Q1. Igor Rados, a round of applause for “Nursery Rhyme of a Madman”! Your film is based on an interesting play on words. Please tell us more and walk us through your path as a director and how you decided to concentrate on this specific topic.

Nursery Rhyme of a Madman is a parabolic drama about a poet in an asylum, confined by two crazy doctors in competition over opposed schools of thought. At first glance, the audience may see this film as a contemporary thriller with multiple conflicts, but as the movie progress, the story takes us into a dreamlike undefined place and time.

Our film derives from a short, powerful play, “The Madman and The Nun,” by Polish playwright Stanislaw Witkiewicz, written around the Bolshevik Revolution as a rebellious response to the conviction of the government to control social values and art in particular. It was the end of creative freedom for many, as art became a political tool of the government. In this piece, the author pictures the world as a madhouse in a small box. “Nursery Rhyme of a Madman” is not a straight adaptation but more an inspiration with segments of the script based on the play. I translated the original text into a more adaptable form as the basis for a full-length screenplay. The text was dark and surreal to a great extent that the realism alone would not convey the story. It felt almost impossible to follow the logic, but its heartbeat was strong. I followed the heart and embraced an impressionistic style with sparks of dark humor and magic realism which make this piece visually and conceptually unique.

Q2a. We open on a scene in a lunatic asylum. A man in a straitjacket says, “I want to get out of here.” Soon he is administered a tranquillizer and hauled to another place. He then attempts an escape, and the hospital staff chase him around on the grounds of the new hospital. A nurse watches the scene from a nearby window. Elena (aka Ana) is to “take over the case”. A man who we suppose is the head psychiatrist tells her: “If you can get into his (Mitchel’s, a poet) mental injury, please do so. Be my guest. Apply what you learned in school.

The chaotic bohemian life of an artist traps Mitchel in an asylum. The death of his soulmate crushes him further down. He passionately expresses the desire to write himself to demise. However, he ends up in the hands of a “caring society,” two enthusiastic experimental psychiatrists, who eventually drive him to a slow death. The text brings a bizarre view of an artist in conflict with the state. It makes one wonder if the poet’s soulmate is ART itself, which dies at his hands. The film is an anti-establishment satire charged with subliminal messages. The characters stretch beyond individuals, symbolizing concepts over their personal agendas. The poet, as constantly tranquilized, represents every artist and visionary person on the planet who wants to create but has her/his hands tied. Two doctors are the belligerent powers of the world, selfish, rude, and often sneaky. The nurse represents bleeding hearts and cultural needs. The list goes on for the audience to discover.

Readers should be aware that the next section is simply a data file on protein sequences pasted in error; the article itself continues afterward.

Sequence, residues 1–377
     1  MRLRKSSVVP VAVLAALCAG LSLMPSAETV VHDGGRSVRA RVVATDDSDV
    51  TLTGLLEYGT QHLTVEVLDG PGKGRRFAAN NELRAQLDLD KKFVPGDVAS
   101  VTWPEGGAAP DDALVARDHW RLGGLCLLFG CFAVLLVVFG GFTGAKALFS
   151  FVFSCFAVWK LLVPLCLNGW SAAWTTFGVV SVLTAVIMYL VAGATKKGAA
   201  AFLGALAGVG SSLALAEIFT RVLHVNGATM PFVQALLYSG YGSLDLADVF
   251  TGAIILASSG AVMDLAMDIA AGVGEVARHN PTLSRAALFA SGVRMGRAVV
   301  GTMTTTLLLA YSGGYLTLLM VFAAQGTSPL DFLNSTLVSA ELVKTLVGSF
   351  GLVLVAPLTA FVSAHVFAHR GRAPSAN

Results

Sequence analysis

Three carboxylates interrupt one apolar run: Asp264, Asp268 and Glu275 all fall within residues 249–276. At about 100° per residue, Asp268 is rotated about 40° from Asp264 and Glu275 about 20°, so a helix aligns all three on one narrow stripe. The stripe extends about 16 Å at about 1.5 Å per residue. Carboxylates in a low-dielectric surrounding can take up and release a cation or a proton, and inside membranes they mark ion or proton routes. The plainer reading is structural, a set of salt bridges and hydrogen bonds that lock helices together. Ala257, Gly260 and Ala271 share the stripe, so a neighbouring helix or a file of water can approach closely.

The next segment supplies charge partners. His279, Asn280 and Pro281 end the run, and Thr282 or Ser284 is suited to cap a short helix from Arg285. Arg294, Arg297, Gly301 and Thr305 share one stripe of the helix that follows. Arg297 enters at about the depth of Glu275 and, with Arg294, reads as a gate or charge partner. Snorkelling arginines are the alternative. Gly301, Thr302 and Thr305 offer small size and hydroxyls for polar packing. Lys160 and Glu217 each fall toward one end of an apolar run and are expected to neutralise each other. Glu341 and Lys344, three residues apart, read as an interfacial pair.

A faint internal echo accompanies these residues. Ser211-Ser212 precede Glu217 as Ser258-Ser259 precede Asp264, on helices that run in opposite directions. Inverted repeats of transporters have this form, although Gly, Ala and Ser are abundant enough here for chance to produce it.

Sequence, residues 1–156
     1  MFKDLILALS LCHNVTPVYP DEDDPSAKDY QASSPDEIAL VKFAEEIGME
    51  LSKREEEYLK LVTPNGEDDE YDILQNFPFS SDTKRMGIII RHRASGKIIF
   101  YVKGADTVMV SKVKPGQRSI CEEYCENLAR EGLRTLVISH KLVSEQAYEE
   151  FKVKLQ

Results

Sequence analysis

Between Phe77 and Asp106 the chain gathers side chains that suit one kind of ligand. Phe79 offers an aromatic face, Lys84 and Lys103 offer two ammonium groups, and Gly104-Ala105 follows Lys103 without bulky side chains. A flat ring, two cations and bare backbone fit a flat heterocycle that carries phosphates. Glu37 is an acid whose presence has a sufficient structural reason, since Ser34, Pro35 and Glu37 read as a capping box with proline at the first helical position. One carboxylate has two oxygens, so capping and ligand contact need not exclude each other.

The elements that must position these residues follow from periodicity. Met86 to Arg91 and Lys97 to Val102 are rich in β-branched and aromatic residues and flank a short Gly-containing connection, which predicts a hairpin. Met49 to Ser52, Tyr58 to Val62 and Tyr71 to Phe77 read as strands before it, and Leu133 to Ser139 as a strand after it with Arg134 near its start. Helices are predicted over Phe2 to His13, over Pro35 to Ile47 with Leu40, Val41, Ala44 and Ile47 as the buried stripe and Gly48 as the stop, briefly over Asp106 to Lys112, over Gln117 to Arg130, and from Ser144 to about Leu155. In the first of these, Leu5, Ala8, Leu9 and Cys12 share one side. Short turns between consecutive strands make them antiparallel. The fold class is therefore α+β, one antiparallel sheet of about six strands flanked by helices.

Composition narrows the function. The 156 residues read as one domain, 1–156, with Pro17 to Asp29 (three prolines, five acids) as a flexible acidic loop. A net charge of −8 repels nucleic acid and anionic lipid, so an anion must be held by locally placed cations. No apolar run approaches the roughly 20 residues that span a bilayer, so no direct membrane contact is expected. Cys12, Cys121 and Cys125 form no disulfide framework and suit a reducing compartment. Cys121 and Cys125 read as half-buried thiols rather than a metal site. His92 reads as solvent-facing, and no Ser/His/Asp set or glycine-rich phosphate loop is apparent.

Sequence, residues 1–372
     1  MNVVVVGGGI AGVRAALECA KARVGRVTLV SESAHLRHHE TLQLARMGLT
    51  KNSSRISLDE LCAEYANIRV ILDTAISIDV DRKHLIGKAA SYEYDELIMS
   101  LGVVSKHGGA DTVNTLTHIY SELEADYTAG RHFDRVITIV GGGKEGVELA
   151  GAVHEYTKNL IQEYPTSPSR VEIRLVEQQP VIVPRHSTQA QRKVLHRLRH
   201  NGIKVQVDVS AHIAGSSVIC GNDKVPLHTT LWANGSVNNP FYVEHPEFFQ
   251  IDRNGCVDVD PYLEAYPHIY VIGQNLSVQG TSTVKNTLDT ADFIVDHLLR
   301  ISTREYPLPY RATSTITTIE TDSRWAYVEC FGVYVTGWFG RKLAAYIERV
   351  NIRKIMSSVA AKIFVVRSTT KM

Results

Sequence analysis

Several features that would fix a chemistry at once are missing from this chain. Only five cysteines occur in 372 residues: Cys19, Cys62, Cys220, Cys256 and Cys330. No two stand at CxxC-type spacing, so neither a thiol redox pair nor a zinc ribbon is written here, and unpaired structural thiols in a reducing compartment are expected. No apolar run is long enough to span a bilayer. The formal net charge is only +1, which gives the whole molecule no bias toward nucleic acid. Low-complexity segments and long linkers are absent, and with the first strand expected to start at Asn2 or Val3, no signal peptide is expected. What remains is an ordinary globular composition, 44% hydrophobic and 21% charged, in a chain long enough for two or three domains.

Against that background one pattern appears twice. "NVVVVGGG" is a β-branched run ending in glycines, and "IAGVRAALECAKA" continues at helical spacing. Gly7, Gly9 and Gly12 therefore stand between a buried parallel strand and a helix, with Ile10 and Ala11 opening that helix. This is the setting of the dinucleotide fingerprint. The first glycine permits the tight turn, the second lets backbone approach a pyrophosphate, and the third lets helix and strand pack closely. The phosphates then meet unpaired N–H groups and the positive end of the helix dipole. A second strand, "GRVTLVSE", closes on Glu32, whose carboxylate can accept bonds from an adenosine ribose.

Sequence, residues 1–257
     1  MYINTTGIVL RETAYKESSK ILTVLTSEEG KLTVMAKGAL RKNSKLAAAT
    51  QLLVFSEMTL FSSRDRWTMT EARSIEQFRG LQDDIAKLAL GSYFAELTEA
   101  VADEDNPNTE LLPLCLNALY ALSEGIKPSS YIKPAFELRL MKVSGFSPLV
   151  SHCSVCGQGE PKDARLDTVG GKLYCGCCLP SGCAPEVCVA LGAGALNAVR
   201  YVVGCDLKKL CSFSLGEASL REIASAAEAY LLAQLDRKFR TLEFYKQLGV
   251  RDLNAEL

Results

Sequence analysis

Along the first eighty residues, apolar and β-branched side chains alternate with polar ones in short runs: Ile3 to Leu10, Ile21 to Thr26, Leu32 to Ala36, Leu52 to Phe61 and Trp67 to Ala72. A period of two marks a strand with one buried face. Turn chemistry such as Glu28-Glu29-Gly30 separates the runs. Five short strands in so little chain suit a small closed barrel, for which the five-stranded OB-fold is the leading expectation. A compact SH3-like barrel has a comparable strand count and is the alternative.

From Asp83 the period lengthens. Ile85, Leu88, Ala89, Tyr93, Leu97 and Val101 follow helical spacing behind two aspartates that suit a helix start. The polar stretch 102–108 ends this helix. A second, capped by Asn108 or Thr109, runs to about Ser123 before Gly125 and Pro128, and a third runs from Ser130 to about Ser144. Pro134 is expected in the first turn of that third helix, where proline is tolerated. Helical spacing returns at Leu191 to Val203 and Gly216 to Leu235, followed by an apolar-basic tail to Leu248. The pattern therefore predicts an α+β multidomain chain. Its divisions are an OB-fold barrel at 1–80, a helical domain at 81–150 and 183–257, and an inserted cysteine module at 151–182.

Q2b. In the second act, we dive into the patient-nurse relationship until it is flipped around in a clever twist at the end! Mental health and psychology as a science have become very topical since the pandemic. But like one of your characters who say, “Our hospitals are worse than feudal dungeons,” would you say they should also come under scrutiny and perhaps be better regulated?

There is a political angle to this film. As much as we may have a satirical view of the health system that needs repair, as we learned a lot about it during the most recent pandemic, the film’s concept covers a broader picture. The hospital syndrome spreads to all levels of the government, affecting us equally toxic, often turning healthy into sick.

Q3. You were from Belgrade originally. Even though you have lived in Canada for a long time, what is your vision of North America, the boons, and the banes of choosing this continent?

North America is a beautiful collage of people of different origins. It embraces all cultures from around the world. Moving from Belgrade, former Yugoslavia and leaving everything behind was a bold decision. When young, you take adventures without contemplating too much.